Goals of a Sensory Diet

Share on facebook
Share on pinterest
Share on twitter
Have you ever had a professional mention the term “sensory diet”?  Have you wondered why a sensory diet would be used with kids?  This post describes the goals of a sensory diet for kids with sensory processing needs. 
Before we get started, I have news to share! I’ve been busy working on a new (BIG) project for you.  You’ll see more sensory diet information here on the site because I’ve been putting together a strategy book for developing sensory diets!  This is going to be a resource for parents, teachers, therapists, and anyone who works with kids with sensory needs.
Why do kids need a sensory diet to help with sensory processing problems?

Sensory strategies that are motivating can be a big help for some kids. Try these train themed sensory activity ideas.

Sensory Diets for Sensory Processing Needs

Sensory diets are a commonly known strategy for addressing
sensory needs.  The term “sensory diet” was
coined by Patricia Wilbarger in 1984 to explain how certain sensory experiences
can improve occupational performance and help to remediate disruption of the
sensory processing systems.  A sensory
diet is a means to adjust sensory input in relation to an individual’s
Sensory diets don’t need to be a strict set of prescribed structured activities for every child.  They ARE a meaningful
set of strategies for developing sensory programs that are meaningful, practical, carefully
scheduled, and controlled in order to affect functioning.  
Sensory diet activities provide appropriate
sensory input based on the needs of an individual.  Just as a healthy diet consists of a variety
of foods, a sensory diet is a balanced set of sensory information that allows
an individual to function.  A person
cannot survive on broccoli alone.
Similarly, a child cannot function with only one type of sensory
Sensory diets are not just for kids with identified sensory
issues.  We all need a diet of sensory
input.  Our bodies and minds
instinctively know that varying sensory input allows us to function
appropriately.  Neuro-typical children
naturally seek out a variety of proprioceptive, vestibular, and tactile sensory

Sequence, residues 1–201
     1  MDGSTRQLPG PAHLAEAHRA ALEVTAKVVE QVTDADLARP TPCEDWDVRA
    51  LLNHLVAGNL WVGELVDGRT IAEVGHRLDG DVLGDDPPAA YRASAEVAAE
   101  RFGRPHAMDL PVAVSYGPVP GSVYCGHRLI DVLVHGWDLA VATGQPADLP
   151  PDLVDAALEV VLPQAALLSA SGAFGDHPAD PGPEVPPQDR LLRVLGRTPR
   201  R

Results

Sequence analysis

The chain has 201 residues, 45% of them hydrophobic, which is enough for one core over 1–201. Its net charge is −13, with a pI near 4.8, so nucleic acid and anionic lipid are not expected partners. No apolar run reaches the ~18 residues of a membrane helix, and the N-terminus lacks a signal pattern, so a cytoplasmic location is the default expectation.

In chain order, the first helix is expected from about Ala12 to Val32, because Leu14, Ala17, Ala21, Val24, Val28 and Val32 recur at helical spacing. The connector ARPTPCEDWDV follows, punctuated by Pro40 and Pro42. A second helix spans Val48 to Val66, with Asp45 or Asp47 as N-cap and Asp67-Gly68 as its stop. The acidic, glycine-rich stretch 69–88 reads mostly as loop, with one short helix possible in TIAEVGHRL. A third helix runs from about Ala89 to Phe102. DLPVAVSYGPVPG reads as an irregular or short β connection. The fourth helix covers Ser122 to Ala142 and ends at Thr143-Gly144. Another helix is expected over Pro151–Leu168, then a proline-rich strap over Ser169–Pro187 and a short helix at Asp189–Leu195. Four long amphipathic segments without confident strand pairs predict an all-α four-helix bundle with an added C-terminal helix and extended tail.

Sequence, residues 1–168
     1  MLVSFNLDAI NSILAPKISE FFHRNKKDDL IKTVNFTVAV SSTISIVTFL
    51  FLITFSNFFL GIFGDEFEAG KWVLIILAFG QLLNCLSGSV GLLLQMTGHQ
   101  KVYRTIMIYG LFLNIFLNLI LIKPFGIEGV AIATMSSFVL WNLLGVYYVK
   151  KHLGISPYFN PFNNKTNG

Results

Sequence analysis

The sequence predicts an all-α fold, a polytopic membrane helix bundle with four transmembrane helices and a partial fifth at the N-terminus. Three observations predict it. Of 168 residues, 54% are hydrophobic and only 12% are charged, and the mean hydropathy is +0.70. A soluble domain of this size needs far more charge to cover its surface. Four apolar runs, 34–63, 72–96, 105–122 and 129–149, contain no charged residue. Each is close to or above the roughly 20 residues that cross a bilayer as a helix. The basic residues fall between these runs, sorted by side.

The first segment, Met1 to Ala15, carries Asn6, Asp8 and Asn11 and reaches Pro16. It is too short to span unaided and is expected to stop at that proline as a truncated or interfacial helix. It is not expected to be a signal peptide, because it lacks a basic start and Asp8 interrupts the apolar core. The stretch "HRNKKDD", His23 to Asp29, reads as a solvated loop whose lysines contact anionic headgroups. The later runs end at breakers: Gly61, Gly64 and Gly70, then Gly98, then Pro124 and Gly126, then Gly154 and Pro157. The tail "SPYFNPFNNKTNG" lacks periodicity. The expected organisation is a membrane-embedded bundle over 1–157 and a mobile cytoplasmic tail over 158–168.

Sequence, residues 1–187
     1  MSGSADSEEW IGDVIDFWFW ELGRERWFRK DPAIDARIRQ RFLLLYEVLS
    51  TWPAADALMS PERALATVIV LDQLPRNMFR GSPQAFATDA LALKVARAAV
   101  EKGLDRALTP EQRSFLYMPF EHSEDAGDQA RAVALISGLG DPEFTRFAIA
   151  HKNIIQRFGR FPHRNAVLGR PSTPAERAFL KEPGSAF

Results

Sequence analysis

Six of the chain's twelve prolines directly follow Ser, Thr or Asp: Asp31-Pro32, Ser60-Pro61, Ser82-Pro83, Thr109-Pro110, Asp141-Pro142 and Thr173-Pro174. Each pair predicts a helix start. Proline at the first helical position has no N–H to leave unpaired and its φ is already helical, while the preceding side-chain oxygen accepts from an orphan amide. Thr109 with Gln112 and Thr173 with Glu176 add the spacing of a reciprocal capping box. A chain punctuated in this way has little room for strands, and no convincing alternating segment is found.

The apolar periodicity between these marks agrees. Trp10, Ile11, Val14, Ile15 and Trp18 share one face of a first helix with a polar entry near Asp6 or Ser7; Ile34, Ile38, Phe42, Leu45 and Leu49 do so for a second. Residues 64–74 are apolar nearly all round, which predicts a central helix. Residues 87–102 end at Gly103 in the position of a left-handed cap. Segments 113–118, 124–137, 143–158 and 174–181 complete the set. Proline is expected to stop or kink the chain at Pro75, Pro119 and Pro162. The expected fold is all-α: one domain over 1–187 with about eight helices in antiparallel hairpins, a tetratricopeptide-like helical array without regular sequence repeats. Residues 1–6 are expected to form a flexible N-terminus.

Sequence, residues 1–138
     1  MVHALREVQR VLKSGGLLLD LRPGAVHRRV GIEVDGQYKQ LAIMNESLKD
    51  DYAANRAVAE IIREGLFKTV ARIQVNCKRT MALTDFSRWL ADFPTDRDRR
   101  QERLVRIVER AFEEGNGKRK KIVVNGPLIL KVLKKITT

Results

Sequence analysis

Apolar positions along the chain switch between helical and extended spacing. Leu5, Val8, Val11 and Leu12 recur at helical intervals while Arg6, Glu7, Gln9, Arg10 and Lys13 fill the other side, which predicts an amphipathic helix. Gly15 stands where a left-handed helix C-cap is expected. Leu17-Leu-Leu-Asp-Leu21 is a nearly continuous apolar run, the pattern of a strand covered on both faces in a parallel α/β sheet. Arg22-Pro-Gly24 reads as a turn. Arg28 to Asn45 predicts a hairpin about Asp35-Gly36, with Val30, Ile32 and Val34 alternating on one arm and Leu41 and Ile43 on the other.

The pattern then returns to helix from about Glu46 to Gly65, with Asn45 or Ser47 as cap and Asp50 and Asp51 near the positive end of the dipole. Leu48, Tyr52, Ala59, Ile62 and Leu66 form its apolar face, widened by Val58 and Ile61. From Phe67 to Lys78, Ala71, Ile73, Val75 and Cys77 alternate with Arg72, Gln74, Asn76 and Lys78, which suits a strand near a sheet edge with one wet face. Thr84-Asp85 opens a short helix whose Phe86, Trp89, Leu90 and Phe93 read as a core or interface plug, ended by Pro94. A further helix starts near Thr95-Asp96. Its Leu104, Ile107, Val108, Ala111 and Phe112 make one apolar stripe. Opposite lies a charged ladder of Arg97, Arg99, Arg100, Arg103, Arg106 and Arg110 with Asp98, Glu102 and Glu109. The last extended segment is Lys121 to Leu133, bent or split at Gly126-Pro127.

input.  As a result, they are able to
accept and regulate other sensory input such as a seam in their shirt, a
lawnmower running outside their classroom, or the scent of chicken cooking in the
Studies support the use of active participation in
multi-sensory activities for at least 90 minutes per week to improve
occupational performance and autism symptoms and behaviors (Fazlioglu &
Baran, 2008; Thompson, 2011; Woo & Leon, 2013; Wuang, Wang, Huang, & Su
Children who have a toolbox of
sensory activities available to them for daily use may benefit from prescribed
sensory activities.  These activities can be a part of and incorporated into the day in a natural way.

Related Read: Here are more sensory-based tricks and tips that help with meltdowns.

What is a
sensory diet?

A sensory diet is a set of activities that are appropriate
for an individual’s needs.  Specific and
individualized activities that are specifically scheduled into a child’s day
are used to assist with regulation of activity levels, attention, and adaptive
Sensory diet activities are
prescribed based on the individual’s specific sensory needs.   Just
as there are no two people that are alike, there are no two sensory diets that
are alike.  
Every sensory diet will meet
the specific needs whether in activity, position, intensity, time, sensory system,
or type.  Additionally, a sensory diet
can be modified throughout the day and based on variances in tasks.
A sensory diet needs
to be specific with thoughtful regard to timing, frequency, intensity, and
duration of sensory input.
Goals of a sensory diet

Goals of a sensory diet are to:

  1. Provide the child with predictable sensory information
    which helps organize the central nervous system.
  2. Support social engagement,
    self-regulation, behavior organization, perceived competence, self-esteem, and
  3.  Inhibit and/or improve modulation
    of sensation within daily routines and environments.
  4. Assist the child in processing a more organized response
    to sensory stimuli.

Add these resources to the ones you can find here under sensory diet vestibular activities to meet the sensory needs of all kids. 

Fazlioglu, Y., & Baran, G. (2008). A sensory integration therapy program on sensory problems for children
with autism
. Perceptual and Motor Skills, 106, 415–422. http://dx.doi.org/10.2466/PMS.106.2.415-422

Read more on sensory processing information here:

Sensory processing red flags for parents to help identify sensory needs in kids